As I said to this Council at the beginning of my mandate, the international community spends far more time and resources responding to crises than in preventing them. We have to rebalance our approach to international peace and security.
Our goal must be to do everything we can to help countries avert the outbreak of crises that take a high toll on humanity. And this vision extends beyond wars and conflicts, to natural disasters, fragility and other kinds of stress.
Our commitment must be to all human rights — civil, political, economic, social and cultural — and to eliminate discrimination based on gender, religion, race, nationality or other status.
Across this work, we must recognize the great power of women’s participation, which makes peace agreements sturdier, societies more resilient and economies more vigorous. Preventing crises is primarily the responsibility of Member States. Chapter VI of the Charter describes the tools that are available to them for that purpose.
Negotiation. Enquiry. Mediation. Conciliation. Arbitration. Judicial settlement. And other peaceful measures and means. And the United Nations is there to offer support to States in resolving their disputes and preventing the emergence of crises.
The International Court of Justice is the principal judicial organ of the United Nations. I encourage Member States to accept the compulsory jurisdiction of the Court and to make greater use of the Court and of other international courts and tribunals to help settle and avoid the escalation of their disputes.
The United Nations prevention efforts in the Gambia, Guinea and Burkina Faso over the past several years, always taken in coordination with, and often in direct support of, the activities of the African Union and the Economic Community of West African States (ECOWAS), highlight the conditions under which these efforts are most successful.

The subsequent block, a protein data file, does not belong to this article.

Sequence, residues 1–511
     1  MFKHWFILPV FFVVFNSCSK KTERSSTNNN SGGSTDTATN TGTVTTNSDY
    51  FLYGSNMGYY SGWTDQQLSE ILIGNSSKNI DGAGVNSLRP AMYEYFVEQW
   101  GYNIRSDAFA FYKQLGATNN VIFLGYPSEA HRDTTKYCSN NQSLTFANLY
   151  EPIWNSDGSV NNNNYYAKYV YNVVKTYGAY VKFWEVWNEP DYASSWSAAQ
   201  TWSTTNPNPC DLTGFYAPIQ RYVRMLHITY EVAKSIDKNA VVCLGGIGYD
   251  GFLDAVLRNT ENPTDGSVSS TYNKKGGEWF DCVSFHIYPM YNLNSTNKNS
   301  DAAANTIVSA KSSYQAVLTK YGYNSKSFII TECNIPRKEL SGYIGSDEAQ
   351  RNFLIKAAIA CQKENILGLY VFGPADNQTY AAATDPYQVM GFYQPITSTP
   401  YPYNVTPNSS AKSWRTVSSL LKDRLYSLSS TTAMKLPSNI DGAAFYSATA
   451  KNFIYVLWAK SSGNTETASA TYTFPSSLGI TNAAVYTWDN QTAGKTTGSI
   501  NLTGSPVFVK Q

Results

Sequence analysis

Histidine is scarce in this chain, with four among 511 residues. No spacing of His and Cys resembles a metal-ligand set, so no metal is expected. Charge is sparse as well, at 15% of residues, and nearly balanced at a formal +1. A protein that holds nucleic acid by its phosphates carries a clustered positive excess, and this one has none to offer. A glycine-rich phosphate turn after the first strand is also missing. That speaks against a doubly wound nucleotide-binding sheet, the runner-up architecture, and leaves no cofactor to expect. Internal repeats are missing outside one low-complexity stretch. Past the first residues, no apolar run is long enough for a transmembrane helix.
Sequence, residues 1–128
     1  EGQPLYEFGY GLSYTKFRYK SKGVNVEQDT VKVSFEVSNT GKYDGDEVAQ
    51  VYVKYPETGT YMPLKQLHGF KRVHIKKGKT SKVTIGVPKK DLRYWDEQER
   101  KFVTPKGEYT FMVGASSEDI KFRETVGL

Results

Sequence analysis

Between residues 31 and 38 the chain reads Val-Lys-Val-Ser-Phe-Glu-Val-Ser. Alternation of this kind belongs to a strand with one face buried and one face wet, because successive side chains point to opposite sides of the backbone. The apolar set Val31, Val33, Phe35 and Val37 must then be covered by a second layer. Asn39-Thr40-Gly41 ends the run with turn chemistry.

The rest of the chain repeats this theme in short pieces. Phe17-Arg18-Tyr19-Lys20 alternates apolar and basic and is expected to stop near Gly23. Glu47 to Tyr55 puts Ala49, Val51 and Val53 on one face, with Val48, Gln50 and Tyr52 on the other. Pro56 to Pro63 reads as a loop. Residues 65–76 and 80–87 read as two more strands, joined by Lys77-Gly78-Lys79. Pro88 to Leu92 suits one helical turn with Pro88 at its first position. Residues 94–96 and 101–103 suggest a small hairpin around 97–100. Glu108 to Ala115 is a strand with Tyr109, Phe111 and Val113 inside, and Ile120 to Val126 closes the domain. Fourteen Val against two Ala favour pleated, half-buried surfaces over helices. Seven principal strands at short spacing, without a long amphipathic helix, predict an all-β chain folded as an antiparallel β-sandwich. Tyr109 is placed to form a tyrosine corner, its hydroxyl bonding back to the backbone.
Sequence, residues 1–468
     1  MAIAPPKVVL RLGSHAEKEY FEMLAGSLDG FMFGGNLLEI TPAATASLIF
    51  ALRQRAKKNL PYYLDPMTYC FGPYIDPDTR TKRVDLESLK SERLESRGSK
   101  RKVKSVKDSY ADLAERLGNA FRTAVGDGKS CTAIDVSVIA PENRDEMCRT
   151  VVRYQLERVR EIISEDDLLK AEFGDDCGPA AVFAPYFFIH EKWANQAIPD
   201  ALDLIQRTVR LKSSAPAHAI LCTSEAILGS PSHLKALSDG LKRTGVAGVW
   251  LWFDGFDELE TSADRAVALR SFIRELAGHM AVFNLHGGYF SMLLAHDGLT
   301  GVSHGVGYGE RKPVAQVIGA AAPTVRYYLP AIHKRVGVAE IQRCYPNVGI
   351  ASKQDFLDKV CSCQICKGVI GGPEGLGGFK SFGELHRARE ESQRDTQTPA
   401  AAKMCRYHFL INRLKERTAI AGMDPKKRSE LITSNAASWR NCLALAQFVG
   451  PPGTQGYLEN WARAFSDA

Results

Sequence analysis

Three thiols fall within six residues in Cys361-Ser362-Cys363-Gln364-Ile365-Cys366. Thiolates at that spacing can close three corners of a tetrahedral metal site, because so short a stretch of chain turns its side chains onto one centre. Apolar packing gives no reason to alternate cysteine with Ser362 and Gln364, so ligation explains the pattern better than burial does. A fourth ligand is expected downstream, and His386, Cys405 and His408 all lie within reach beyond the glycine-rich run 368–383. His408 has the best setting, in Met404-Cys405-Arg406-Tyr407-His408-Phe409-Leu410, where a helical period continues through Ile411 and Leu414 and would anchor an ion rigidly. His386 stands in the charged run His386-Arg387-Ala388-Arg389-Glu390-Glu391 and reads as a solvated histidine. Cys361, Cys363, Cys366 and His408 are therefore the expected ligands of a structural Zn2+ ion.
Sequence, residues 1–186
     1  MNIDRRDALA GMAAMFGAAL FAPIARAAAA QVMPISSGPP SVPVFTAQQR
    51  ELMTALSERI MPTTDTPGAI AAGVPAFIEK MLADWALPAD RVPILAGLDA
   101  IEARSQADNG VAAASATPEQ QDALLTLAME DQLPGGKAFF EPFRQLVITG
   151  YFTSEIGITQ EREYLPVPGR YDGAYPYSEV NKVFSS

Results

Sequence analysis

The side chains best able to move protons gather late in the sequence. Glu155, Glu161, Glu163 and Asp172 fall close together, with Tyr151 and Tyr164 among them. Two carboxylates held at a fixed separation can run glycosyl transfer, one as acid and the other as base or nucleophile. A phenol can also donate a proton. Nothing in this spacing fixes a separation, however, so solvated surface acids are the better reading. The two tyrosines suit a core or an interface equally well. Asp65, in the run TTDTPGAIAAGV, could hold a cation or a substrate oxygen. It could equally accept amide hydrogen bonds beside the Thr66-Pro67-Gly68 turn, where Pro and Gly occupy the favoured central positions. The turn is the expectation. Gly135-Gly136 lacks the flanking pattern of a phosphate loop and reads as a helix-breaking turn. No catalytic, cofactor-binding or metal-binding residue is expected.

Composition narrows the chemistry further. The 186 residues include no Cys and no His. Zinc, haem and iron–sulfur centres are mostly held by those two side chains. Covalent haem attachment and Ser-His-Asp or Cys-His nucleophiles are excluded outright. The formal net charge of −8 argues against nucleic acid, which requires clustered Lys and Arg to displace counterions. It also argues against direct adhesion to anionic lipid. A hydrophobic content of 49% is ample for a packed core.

The role played in those contexts by the United Nations Office for West Africa and the Sahel underscores the value of United Nations regional political presences, as in other contexts does the work of the United Nations Office for Central Africa and the United Nations Regional Centre for Preventive Diplomacy for Central Asia.
Mediation is among the paths suggested by Chapter VI. In recent weeks, a new bilateral mediation advisory board undertook its first initiative. We have planned a number of other bilateral missions — with the agreement of the countries concerned — to Member States facing stability challenges.
My own good offices are available to you at all times to help prevent, manage or resolve conflicts. And, of course, the Charter confers upon the Security Council powers and responsibilities in the field of conflict prevention.
At this time, it is especially urgent for the Security Council to uphold its responsibility to bring about a political settlement on Syria in accordance with resolution 2254 (2015) under United Nations auspices.
Sustaining peace is a key part of prevention. My report on sustaining peace is now before the entire membership, and I look forward to taking forward its proposals. Prevention also depends crucially on advancing sustainable and inclusive development. The 2030 Agenda offers an integrated framework for addressing the economic and social drivers of conflict, and for building stable societies including through a focus on institutions and the rule of law.
The word peacekeeping does not appear in the Charter. But, this flagship United Nations activity is firmly rooted in the Charter’s ideals — and demonstrates the Charter’s flexibility.